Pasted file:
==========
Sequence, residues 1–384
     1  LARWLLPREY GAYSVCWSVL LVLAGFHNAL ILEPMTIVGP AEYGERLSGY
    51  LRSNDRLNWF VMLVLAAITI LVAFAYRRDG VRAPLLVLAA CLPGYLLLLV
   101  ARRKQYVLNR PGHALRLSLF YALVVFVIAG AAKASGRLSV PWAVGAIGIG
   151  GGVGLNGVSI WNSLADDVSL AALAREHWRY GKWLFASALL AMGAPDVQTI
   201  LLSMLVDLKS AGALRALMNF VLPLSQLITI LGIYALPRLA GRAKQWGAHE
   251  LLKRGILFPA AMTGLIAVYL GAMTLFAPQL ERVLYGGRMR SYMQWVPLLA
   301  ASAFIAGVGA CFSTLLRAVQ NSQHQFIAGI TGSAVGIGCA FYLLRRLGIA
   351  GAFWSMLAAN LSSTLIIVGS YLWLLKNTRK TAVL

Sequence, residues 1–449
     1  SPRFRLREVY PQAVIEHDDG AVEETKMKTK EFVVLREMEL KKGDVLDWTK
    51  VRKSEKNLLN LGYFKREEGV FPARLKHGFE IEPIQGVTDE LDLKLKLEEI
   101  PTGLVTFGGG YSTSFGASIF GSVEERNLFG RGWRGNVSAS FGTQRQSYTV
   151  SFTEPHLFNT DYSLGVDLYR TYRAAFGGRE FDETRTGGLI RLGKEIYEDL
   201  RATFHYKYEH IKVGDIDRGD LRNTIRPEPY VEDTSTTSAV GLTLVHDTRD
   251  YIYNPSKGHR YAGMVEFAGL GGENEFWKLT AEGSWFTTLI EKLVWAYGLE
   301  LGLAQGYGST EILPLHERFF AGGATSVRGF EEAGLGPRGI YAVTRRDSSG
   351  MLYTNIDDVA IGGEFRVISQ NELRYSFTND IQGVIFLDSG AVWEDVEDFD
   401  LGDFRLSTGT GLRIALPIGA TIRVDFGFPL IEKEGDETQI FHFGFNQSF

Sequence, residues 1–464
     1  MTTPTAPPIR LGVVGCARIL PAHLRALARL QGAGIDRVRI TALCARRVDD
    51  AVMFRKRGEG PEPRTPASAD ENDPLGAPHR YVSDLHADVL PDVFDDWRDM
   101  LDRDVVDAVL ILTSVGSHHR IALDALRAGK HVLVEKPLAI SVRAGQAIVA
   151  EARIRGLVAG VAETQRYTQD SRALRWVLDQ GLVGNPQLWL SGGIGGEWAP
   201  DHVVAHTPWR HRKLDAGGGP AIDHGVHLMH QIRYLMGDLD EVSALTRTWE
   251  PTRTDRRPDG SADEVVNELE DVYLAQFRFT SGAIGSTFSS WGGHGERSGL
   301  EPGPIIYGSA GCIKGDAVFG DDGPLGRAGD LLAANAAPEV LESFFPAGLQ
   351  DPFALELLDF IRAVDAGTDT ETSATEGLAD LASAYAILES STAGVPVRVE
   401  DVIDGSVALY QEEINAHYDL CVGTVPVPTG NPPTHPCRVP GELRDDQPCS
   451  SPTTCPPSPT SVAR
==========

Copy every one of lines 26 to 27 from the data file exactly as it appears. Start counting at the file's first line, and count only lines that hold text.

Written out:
   251  PTRTDRRPDG SADEVVNELE DVYLAQFRFT SGAIGSTFSS WGGHGERSGL
   301  EPGPIIYGSA GCIKGDAVFG DDGPLGRAGD LLAANAAPEV LESFFPAGLQ